Smoke Ready Idaho

Wildfire smoke will likely be with us through the summer and into the fall. Here’s what you need to know.

Wildfire smoke can cause irritating symptoms for healthy people and more serious health issues for people with respiratory problems and heart and lung disease. It’s important to know how to protect yourself and your family from smoky air whenever possible.

Who is most at risk for the harmful effects of smoke?

Infants and young children suffer more from the effects of smoke because they breathe more air than adults for their body size. Older adults and people with lung and heart conditions are also especially sensitive to smoke in the air. Even low levels of smoke can cause breathing problems for sensitive groups with asthma, COPD, emphysema, and other chronic lung diseases.  In addition, smoke can increase the risk of heart attack or stroke for people with chronic heart conditions and can  increase the risk of premature birth in pregnant women.

When should we become concerned about the symptoms of smoke exposure? 

Common effects of smoke exposure include irritated eyes, nose, and throat. However, you should call your doctor immediately if you have shortness of breath, chest pain or tightness, headaches, fatigue, or a combination of those symptoms that become severe.

What if I have an event outside or my child has a game we can’t miss, and the air quality is low?

Visit the Idaho Department of Environmental Quality’s air quality website or the Idaho Smoke Information Blog to check local smoke conditions. Download the AIR Idaho application on your mobile device for current smoke conditions in your area. The Department of Health and Welfare also provides activity guidelines for outdoor events and other resources to help determine your risk level. If an outdoor event or game isn’t canceled because of smoke conditions, drink plenty of water and do your best to limit your time outside. If smoke-related symptoms become difficult or get a lot worse, move indoors. Your family’s health is more important than a sporting event.

Should we consider wearing masks when conditions are poor?

While the most effective way to protect yourself from smoke is to stay indoors, we recognize this is not always possible. People who must be outside in the smoky air may benefit from wearing “particulate respirators” or N95 respirators. Respirator masks worn correctly may provide protection by filtering out fine particles in the smoke. However, many people find it difficult to wear a mask correctly. If a mask does not fit properly, it will provide little or no protection. For some, masks can make it harder to breathe normally. It is a good idea to check with your health care provider before using any mask. 

How can we limit our exposure to smoke?

When conditions are poor, you should reduce your time and activities outside as much as possible. Stay indoors, in an air-conditioned area, if you can. If you don’t have air conditioning, go someplace that does, like the mall or library. Otherwise, there are several things you can do to limit the smoky air you breathe:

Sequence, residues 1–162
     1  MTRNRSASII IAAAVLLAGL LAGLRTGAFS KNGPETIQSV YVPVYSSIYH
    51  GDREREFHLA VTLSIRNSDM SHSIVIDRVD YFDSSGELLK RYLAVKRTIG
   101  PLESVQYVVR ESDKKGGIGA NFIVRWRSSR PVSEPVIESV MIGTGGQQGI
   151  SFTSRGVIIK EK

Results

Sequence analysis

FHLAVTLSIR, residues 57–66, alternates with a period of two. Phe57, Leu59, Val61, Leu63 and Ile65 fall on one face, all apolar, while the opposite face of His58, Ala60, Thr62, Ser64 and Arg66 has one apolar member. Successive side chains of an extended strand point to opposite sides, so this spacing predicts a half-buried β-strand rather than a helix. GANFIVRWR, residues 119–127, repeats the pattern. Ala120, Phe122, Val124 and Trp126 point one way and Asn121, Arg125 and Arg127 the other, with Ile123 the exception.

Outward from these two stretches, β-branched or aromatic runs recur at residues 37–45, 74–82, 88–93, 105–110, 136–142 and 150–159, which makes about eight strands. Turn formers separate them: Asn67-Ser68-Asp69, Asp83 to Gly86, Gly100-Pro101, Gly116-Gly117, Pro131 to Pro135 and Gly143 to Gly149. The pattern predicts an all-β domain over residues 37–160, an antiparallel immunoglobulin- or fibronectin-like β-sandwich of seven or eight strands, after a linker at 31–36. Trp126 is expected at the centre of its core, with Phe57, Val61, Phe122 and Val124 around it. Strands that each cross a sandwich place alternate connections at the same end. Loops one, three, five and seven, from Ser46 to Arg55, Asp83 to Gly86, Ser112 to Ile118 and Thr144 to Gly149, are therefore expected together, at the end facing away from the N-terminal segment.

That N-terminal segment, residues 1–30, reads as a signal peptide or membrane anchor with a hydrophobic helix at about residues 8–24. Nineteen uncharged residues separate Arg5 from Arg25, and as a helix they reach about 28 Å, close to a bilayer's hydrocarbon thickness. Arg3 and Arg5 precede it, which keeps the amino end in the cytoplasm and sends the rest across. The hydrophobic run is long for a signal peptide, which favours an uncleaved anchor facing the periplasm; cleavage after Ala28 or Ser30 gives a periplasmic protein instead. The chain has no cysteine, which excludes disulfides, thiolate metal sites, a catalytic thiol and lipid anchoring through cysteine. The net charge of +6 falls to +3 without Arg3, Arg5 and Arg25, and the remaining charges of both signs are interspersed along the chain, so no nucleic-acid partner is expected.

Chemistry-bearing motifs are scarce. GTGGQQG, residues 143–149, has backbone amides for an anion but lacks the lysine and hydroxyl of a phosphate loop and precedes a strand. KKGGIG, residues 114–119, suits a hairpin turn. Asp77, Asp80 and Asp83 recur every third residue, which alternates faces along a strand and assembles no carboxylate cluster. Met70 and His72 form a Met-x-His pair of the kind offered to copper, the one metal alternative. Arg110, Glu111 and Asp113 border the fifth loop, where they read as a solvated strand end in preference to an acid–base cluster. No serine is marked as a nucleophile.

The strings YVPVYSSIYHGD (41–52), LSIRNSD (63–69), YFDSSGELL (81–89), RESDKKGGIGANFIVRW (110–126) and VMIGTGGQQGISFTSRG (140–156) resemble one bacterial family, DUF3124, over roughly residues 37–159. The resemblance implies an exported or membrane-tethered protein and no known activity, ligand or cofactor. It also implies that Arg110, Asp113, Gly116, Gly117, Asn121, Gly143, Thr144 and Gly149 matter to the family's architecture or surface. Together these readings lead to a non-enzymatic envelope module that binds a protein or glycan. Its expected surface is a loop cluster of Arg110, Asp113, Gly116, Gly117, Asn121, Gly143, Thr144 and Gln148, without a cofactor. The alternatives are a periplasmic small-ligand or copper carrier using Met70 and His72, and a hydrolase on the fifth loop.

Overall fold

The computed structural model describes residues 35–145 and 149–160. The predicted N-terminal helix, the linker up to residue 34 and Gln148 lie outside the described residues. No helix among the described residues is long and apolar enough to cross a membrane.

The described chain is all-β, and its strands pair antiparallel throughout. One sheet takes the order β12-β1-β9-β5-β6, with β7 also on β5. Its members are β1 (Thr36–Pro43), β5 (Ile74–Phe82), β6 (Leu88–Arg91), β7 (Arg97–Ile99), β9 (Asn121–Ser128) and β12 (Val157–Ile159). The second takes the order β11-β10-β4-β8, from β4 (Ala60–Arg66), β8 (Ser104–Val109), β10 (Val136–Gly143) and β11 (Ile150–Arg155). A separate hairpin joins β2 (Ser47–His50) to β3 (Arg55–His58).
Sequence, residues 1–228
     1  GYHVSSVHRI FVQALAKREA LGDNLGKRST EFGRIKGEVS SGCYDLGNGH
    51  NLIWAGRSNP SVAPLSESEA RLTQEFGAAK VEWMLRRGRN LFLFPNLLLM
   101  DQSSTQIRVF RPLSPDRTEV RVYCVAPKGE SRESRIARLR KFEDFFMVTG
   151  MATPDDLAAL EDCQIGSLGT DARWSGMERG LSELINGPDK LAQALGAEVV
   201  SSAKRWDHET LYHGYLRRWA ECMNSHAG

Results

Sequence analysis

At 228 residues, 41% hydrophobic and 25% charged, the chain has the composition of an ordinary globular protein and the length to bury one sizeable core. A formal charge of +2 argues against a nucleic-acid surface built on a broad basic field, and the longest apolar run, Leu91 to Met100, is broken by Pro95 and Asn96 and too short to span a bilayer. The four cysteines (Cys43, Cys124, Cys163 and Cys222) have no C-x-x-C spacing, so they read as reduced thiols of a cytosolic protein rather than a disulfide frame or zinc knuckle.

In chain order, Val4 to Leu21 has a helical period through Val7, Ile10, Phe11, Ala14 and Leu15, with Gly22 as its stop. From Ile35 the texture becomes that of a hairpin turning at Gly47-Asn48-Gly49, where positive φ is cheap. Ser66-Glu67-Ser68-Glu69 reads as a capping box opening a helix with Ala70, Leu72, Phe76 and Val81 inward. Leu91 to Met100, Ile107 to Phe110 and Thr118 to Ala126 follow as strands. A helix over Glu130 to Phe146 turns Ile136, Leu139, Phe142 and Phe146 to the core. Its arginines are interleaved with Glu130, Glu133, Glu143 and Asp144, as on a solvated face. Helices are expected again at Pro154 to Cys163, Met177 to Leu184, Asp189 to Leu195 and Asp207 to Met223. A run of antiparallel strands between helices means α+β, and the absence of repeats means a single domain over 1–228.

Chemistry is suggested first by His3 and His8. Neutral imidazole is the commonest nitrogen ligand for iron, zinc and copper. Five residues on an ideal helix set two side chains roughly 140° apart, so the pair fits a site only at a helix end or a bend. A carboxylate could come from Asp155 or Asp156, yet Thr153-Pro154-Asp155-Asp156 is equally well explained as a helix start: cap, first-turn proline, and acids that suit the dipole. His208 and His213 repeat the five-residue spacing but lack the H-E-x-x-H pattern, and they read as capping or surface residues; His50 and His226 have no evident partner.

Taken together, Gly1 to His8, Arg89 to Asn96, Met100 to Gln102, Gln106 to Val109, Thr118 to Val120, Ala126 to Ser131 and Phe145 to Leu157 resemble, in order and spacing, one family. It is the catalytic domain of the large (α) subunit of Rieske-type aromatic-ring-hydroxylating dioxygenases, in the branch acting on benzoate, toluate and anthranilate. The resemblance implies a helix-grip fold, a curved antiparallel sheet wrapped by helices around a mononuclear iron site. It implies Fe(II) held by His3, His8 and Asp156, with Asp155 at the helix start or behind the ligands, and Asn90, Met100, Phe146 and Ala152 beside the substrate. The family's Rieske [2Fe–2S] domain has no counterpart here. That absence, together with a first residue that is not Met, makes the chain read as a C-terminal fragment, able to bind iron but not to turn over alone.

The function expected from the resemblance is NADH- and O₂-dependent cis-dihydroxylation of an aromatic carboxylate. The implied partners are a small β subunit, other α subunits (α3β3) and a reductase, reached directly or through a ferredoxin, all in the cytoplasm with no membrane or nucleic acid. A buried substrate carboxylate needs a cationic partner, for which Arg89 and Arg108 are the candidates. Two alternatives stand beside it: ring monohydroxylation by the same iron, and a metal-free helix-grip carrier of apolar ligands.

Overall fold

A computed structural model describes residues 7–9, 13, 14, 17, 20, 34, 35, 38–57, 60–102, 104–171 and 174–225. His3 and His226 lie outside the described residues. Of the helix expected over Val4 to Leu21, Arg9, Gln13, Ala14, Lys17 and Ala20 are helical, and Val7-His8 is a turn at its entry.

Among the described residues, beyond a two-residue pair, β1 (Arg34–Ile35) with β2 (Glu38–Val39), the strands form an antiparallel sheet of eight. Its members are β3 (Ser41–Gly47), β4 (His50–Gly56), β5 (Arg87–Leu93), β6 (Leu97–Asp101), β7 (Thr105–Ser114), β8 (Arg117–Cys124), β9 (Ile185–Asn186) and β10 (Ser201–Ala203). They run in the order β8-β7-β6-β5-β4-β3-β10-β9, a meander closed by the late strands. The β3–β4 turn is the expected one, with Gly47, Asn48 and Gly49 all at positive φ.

• Keep your windows and doors closed.
  • If you have central air conditioning, use an air filter rated MERV 8 or higher and turn the system fan on.
  • If you must drive in smoky areas, keep all windows closed and turn the vehicle airflow to recirculate to reduce the amount of smoke in the vehicle. Use caution and slow down when driving in smoky conditions.
  • Do not add to smoky conditions (e.g., burn candles, use propane/wood-burning stoves, aerosol sprays, smoke tobacco products, or vacuum. All of these and more can increase air pollution indoors.
  • Change air-conditioning filters more frequently as they may become clogged or dirty.
  • Use portable air clearers to reduce indoor air pollution.
  • Pay attention to local air quality reports and health warnings.

Where do I go for more information?

Please visit the resources listed below for up-to-date information on smoke conditions and resources on how to stay healthy during wildfire smoke events:

Brigitta Gruenberg is the Environmental Health Program Manager for the Department of Health and Welfare.

The Idaho Department of Health and Welfare is dedicated to strengthening Idahoans’ health, safety, and independence. Learn more at

National Prescription Take Back Day on April 24

On April 24th, the Drug Enforcement Administration (DEA) and its state and local partners will hold the 20th National Prescription Drug Take Back Day. The DEA began the initiative in 2010 to provide easy, anonymous opportunities to remove medicines in the home that are highly susceptible to misuse, abuse, and theft. The Idaho Office of Drug Policy, local Law Enforcement, and prevention partners are hosting Take Back Day collection site events in communities across Idaho on April 24th from 10am to 2pm. You can find events in your area by using the collection site locator tools at and

The events will allow Idahoans an opportunity to safely dispose of any unused or expired prescriptions and help prevent drug misuse in our state. All COVID-19 safety measures will be in place, and individuals will be able to simply drive through and drop off their medications. All prescription meds will be accepted, as well as over-the-counter and veterinary medications. Take Back Day collection sites will also accept vape pens, cartridges, or other e-cigarette devices (without the batteries in the device). Needles will not be accepted.

In 2019, over 60,000 Idahoans aged 12 and older misused prescription pain relievers according to the National Survey on Drug Use and Health. Furthermore, results from the 2019 Idaho Youth Risk Behavior and Idaho Healthy Youth Surveys found that nearly 23% of Idaho 12th graders reported misusing a prescription drug one or more times in their life. While a majority of youth did not report misusing prescription drugs, of those that did, over 41% took or received them from a family member or friend, and over 60% misused the medication in their own home.